• Indeed, it’s often all about the small things. Either it’s the small things that can annoy us or it’s the small things that make life easier.

      It can be really unfair when life hits us with one major life event after another, so I feel for your friend, and I hope things worked out for them. But at least they were able to find little moments of happiness when they could. Thanks for sharing your thoughts and experience

  5. I absolutely love this post! It’s so thought provoking. I too have people tell me to ‘snap out of it’ as if mental health issues are a choice. Just like happiness, we don’t choose our emotions and mental health, they just are xxx

  6. telling someone to be positive all the time is just as toxic and i think more people need to understand that. we can’t force ourselves to be happy all the time. we need to learn to accept all feelings. great read!

  7. An interesting post. I also get annoyed with this. It’s hard to be happy all the time in the world we live in and all the responsibilities that come with it. They say to be happier you need to ‘subtract’ things from life – but it’s not that easy. It’s just life I guess, and life can be hard at times. Thanks for sharing, Jade MumlifeandMe

  8. Well, put. It’s impossible to be happy all the time.
    People who tell others to choose to be happy are minimizing their distress and worse still, trivializing their experiences.

  9. I agree. We can’t force happiness on ourselves or on others. But we can try to avoid situations or people that we know cause us unhappiness. I consider that a step towards a more peaceful mindset.

  10. What a great post! I love that you explore why happiness is, in fact, not a choice, and instead rephrase the stance into one of how can we upscale happiness in our favor? I connect with your position on happiness so much more, as it takes away from the constant pressure of being happy while still keeping a positive mindset. 🙂

  11. Like you it is a pet peeve of mine that people just say get over it or just be happy. If it was that simple no one would be unhappy etc. I think people just need to be taught about mental health. I think discussing it to children in schools will help produce more allies. Thank you for sharing your thoughts.

    Lauren x

  12. Happiness is not a choice as illness is not a choice. I believe happiness is a direct, and sometimes indirect consequence of one’s actions. Great read Unwantedlife.

  13. Interesting article. Very true. It’s extremely difficult to be “happy” if you have a mental health problem. People who may appear to have reason to be unhappy can become depressed and sometimes those who experience hardship find joy in small things

    • It can also be hard to be happy without a mental health problem, if you don’t have any personal time, have money problems, housing problems, etc. Life’s hard

  14. We all deserve to be happy, I very much agree. Happiness is something that we can give ourselves, but you are so right in that we are fed false information on how we obtain it. Happiness is not bought, or sold, or stolen or faked. Happiness comes from something so much deeper than anything we seem to understand in our materialistic world. Happiness is in our hearts, our minds and our spirit, and when that spirit is challenged or broken, it takes an enormous amount of strength to find again. I’m with you, we are force fed happiness and when we don’t feel it, and express that, it is seen as something wrong. No emotions are wrong, all are valid. If you are sad, angry, pissed off, frustrated, then there is a reason; if you are happy, elated, joyful, grateful, there is also a reason. It is our responsibility to accept how we feel, and to find the real reason behind it, whatever it is. We are a kaleidoscope of beautiful emotions, half of which are termed negative, for most of us who live with that on a wider scale, it is unacceptable. But it is true and truth is what we should always side on. Thank you for this really insightful post.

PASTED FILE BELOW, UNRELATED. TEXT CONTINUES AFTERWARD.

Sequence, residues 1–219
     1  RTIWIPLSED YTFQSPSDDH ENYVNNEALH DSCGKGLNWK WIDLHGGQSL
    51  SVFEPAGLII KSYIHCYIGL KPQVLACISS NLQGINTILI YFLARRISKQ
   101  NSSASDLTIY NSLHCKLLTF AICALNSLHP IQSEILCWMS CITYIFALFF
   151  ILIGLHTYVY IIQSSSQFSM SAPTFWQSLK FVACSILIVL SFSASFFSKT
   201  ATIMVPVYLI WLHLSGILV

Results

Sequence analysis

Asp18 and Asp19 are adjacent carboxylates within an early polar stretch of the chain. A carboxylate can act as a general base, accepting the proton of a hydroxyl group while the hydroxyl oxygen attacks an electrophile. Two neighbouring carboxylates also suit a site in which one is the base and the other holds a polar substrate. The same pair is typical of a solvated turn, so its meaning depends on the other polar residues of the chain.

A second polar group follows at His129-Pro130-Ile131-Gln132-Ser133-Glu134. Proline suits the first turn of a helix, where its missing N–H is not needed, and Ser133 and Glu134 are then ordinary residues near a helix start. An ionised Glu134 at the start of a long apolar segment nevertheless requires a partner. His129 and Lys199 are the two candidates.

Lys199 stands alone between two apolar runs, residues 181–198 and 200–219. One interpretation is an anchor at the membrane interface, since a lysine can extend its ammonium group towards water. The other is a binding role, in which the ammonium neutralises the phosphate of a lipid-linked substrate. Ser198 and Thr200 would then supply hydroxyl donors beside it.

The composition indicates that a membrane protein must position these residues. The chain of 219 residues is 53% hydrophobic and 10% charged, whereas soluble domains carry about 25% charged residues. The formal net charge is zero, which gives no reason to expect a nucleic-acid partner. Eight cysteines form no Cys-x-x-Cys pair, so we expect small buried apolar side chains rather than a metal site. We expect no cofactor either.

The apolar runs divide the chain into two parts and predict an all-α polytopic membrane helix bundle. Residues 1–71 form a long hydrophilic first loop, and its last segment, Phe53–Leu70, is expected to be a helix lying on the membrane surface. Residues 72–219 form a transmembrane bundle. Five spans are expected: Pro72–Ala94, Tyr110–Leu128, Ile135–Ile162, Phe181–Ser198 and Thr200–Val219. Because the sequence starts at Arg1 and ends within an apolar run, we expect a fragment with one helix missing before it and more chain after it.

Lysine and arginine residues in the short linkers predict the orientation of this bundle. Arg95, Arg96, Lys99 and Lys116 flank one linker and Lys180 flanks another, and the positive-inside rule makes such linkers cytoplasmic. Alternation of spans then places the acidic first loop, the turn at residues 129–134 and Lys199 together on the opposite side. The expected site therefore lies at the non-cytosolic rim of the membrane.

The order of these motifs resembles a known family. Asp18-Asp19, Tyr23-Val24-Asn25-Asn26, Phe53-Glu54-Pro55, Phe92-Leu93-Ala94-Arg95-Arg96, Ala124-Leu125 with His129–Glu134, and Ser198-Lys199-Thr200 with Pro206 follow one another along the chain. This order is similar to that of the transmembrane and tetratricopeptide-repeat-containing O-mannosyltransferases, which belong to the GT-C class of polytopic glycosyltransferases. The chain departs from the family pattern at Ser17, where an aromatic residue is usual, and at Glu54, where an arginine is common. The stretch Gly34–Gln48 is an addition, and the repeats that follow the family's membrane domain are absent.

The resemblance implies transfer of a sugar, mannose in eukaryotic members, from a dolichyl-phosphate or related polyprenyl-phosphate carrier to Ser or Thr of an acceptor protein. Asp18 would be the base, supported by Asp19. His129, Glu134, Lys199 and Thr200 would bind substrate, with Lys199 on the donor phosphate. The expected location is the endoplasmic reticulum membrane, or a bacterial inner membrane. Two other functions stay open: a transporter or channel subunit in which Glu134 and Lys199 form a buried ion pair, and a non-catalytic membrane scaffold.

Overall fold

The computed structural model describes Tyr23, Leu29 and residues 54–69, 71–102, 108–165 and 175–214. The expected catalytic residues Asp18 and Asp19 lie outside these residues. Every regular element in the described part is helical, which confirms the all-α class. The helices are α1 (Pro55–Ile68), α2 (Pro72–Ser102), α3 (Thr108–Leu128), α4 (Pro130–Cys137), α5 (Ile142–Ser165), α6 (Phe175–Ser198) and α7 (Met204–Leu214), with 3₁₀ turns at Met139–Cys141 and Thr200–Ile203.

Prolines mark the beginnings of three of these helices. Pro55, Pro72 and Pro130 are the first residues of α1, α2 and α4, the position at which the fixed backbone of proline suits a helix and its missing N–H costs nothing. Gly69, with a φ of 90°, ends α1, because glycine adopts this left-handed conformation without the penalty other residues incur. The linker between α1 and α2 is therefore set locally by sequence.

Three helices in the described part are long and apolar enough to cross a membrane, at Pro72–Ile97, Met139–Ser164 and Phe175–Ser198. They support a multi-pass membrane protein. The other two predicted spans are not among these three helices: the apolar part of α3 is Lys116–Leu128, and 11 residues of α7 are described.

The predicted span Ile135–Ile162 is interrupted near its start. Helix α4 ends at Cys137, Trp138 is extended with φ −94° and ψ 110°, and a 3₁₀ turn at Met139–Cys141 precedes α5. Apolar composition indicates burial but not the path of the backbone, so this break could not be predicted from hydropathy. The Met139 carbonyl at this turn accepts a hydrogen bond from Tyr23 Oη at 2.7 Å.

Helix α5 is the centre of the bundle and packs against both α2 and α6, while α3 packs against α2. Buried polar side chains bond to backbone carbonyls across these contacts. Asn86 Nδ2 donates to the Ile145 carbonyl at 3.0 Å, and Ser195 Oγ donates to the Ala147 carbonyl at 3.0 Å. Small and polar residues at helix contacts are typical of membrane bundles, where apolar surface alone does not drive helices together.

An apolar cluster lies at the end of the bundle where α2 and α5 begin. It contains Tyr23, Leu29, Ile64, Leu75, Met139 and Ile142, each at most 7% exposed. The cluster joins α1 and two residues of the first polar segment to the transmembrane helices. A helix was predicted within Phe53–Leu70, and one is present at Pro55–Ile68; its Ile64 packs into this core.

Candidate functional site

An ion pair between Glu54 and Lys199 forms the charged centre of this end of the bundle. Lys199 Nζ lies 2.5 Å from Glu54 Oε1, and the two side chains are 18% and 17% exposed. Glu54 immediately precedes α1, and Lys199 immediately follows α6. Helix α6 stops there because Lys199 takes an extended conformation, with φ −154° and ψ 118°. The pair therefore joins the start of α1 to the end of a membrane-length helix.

• There is no such thing as a bad emotion, it’s only how you respond to that emotion that dictates if it’s bad or not. Sometimes you have to be angry, and being angry can lead to action being taken. Just look at the civil rights movements the world over. Thanks for sharing your thoughts

  15. The discomfort and struggle of society at large to accept pain, trauma and illness gets projected onto those who present those very experiences: “You are not doing enough to be happy” – similar to ‘Pain is optional, suffering is a choice’. The ‘everything must always be happy, good, healthy, successful – illusion that becomes a merciless condition, a demand. And when there is pain, illness, suffering, depression, let’s medicate it, cut it out, radiate it, seek entertainment and oblivion. And by avoiding agony and doubt and despair, we avoid the deep truths of life. All great creations, insights, teachings, art and discoveries happened in the wake of deprivation, doubt, loss and alienation.